Posts Tagged ‘Skepticism’

I have known many gods. He who denies them is as blind as he trusts them too deeply. I seek not death. It may be the blackness averred by the Nemedian skeptics, or Crom’s realm of ice and cloud, or the snowy plains and vaulted halls of the Nordheimer’s Valhalla. I know not, nor do I care. Let me live deep while I live; let me know the rich juices of red meat and the stinging wine on my palate, the hot embrace of white arms, the mad exultation of battle when the blue blades flame and crimson, and I am content. Let the teachers and priests and philosophers brood over questions of reality and illusion. I know this: if life is illusion, then I am no less an illusion, and being thus, the illusion is real to me. I live, I burn with life, I love, I slay, and am content.

-Robert E. Howard, from “Queen of the Black Coast.”

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Mary Lefkowitz wrote an excellent article for the LA Times a little more than a year ago about the Greek gods that’s well worth reading.

Bring back the Greek gods

Mere mortals had a better life when more than one ruler presided from on high.

By Mary Lefkowitz
October 23, 2007 in print edition A-27

Prominent secular and atheist commentators have argued lately that religion “poisons” human life and causes endless violence and suffering. But the poison isn’t religion; it’s monotheism. The polytheistic Greeks didn’t advocate killing those who worshiped different gods, and they did not pretend that their religion provided the right answers. Their religion made the ancient Greeks aware of their ignorance and weakness, letting them recognize multiple points of view.

There is much we still can learn from these ancient notions of divinity, even if we can agree that the practices of animal sacrifice, deification of leaders and divining the future through animal entrails and bird flights are well lost.

My Hindu students could always see something many scholars miss: The Greek gods weren’t mere representations of forces in nature but independent beings with transcendent powers who controlled the world and everything in it. Some of the gods were strictly local, such as the deities of rivers and forests. Others were universal, such as Zeus, his siblings and his children.

Zeus did not communicate directly with humankind. But his children — Athena, Apollo and Dionysus — played active roles in human life. Athena was the closest to Zeus of all the gods; without her aid, none of the great heroes could accomplish anything extraordinary. Apollo could tell mortals what the future had in store for them. Dionysus could alter human perception to make people see what’s not really there. He was worshiped in antiquity as the god of the theater and of wine. Today, he would be the god of psychology.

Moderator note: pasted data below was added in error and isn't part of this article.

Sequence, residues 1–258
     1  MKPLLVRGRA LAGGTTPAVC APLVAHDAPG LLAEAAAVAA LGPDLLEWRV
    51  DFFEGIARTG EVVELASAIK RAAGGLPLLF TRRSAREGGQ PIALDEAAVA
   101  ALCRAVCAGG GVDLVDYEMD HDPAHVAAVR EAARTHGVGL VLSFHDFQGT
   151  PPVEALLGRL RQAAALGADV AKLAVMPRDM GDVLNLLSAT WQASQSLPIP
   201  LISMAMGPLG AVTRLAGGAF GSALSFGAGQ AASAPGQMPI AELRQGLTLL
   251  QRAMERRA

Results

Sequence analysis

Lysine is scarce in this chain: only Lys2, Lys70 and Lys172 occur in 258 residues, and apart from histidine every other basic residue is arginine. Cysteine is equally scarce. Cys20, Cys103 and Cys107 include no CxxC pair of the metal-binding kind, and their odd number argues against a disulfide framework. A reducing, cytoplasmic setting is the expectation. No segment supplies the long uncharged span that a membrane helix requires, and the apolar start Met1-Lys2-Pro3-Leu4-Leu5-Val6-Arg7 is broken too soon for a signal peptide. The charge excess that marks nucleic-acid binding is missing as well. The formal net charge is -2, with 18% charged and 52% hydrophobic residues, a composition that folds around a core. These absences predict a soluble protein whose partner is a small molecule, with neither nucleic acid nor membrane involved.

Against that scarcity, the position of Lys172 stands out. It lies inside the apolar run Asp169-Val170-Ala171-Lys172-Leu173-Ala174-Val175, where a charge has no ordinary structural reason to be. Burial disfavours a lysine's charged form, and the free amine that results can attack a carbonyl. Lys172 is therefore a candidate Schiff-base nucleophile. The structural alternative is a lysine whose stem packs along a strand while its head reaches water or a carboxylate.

Zeus, the ruler of the gods, retained his power by using his intelligence along with superior force. Unlike his father (whom he deposed), he did not keep all the power for himself but granted rights and privileges to other gods. He was not an autocratic ruler but listened to, and was often persuaded by, the other gods.

Openness to discussion and inquiry is a distinguishing feature of Greek theology. It suggests that collective decisions often lead to a better outcome. Respect for a diversity of viewpoints informs the cooperative system of government the Athenians called democracy.

Unlike the monotheistic traditions, Greco-Roman polytheism was multicultural. The Greeks and Romans did not share the narrow view of the ancient Hebrews that a divinity could only be masculine. Like many other ancient peoples in the eastern Mediterranean, the Greeks recognized female divinities, and they attributed to goddesses almost all of the powers held by the male gods.

The world, as the Greek philosopher Thales wrote, is full of gods, and all deserve respect and honor. Such a generous understanding of the nature of divinity allowed the ancient Greeks and Romans to accept and respect other people’s gods and to admire (rather than despise) other nations for their own notions of piety. If the Greeks were in close contact with a particular nation, they gave the foreign gods names of their own gods: the Egyptian goddess Isis was Demeter, Horus was Apollo, and so on. Thus they incorporated other people’s gods into their pantheon.

What they did not approve of was atheism, by which they meant refusal to believe in the existence of any gods at all. One reason many Athenians resented Socrates was that he claimed a divinity spoke with him privately, but he could not name it. Similarly, when Christians denied the existence of any gods other than their own, the Romans suspected political or seditious motives and persecuted them as enemies of the state.

The existence of many different gods also offers a more plausible account than monotheism of the presence of evil and confusion in the world. A mortal may have had the support of one god but incur the enmity of another, who could attack when the patron god was away. The goddess Hera hated the hero Heracles and sent the goddess Madness to make him kill his wife and children. Heracles’ father, Zeus, did nothing to stop her, although he did in the end make Heracles immortal.